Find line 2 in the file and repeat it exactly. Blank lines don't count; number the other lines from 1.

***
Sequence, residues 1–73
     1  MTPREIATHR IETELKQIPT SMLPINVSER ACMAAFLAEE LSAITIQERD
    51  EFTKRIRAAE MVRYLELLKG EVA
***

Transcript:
     1  MTPREIATHR IETELKQIPT SMLPINVSER ACMAAFLAEE LSAITIQERD